Greek tradition, Zeus was so fed up with the stupidity andcrudeness of men and women that he wanted to destroy them. Fortunately forus, Prometheus intervened and sharedtwo things that make us human. Terst was the gift of re, previously theexclusive property of the gods. Tesecond was the virtue of philanthropy,literally the love (
) of humankind(
Tese gifts were the rstacts of philanthropy. Given re, we were able to progress. Given the ability to love others, we were empowered tobecome fully human.Te Judeo-Christian tradition catchesthis same spirit of empowering phi-lanthropy in the Golden Rule, whichMother Marie Rose Durocher, thefoundress of the Sisters of the Holy Names of Jesus and Mary, echoes when she asks us to “Extend a hand toone another to help surmount thediculties that occur.”Holy Names University exists only because of the love and generosity that the Sisters, trustees, faculty, sta,alumni, friends, and you manifest forour mission. Grounded in the core val-ues of the liberal arts and the Catholictradition, we try to touch each genera-tion of students, preparing them tothink critically, seek and discern the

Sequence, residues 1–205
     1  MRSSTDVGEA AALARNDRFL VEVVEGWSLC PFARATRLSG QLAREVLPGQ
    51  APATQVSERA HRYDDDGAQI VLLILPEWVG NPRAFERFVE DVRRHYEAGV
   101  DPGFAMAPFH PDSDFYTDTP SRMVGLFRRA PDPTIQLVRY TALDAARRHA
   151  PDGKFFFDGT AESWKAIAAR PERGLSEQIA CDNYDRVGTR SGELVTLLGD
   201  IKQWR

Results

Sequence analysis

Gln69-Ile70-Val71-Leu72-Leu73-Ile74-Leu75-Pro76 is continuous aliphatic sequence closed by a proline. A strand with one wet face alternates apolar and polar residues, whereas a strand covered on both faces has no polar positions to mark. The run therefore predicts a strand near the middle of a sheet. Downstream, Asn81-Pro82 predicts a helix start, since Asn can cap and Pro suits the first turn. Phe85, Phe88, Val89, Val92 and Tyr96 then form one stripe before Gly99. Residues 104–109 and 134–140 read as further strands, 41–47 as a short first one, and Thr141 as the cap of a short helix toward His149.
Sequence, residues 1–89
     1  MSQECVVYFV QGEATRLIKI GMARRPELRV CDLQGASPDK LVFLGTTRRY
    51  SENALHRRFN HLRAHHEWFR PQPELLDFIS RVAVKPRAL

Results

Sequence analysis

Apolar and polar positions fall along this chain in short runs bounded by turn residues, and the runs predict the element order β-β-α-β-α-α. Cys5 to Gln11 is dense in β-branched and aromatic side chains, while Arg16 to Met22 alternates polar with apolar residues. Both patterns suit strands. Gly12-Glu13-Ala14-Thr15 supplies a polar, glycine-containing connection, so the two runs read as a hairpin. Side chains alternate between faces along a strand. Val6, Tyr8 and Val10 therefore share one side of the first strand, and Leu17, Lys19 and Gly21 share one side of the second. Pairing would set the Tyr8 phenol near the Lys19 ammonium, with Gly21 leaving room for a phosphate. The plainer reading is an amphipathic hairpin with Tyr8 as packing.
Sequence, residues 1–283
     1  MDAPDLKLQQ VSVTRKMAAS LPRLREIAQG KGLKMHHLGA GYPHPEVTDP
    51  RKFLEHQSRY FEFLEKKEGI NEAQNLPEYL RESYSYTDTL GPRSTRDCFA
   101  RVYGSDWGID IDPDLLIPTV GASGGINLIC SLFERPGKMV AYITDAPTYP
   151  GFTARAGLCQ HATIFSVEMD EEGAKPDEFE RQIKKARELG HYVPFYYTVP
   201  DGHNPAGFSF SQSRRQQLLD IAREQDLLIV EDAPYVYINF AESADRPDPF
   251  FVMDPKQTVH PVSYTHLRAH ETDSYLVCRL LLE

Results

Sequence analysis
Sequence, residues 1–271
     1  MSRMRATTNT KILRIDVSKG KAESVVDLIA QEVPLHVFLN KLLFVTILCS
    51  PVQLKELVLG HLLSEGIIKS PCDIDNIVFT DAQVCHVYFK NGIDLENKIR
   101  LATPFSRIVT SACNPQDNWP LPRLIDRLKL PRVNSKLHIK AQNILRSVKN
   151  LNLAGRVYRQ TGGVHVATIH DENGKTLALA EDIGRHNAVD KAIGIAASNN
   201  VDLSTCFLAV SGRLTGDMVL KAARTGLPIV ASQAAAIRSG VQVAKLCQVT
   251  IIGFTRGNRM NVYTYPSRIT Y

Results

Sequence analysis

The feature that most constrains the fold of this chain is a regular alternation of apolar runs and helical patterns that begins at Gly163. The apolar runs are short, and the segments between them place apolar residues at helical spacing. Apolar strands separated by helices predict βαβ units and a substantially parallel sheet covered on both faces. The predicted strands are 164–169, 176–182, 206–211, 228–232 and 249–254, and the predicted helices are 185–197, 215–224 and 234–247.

A message from the President
truth, communicate eectively andpersuasively, and become skilledprofessionals guided by love, ethics,social justice, diversity, and generosity.Tis special issue includes the namesof those individuals and organizationsthat have shown their love of ourstudents and the common good by sharing their resources with Holy Names University. Each gift is an actof philanthropy, an act of love, and agift empowering the receiver andennobling the giver.Please receive this report as ourtestimony to these our humanheroines and heroes whose giftssustain, transform, and challengeus anew to “liberate the spirit” inall whose lives we touch.
William J. Hynes, Ph.D.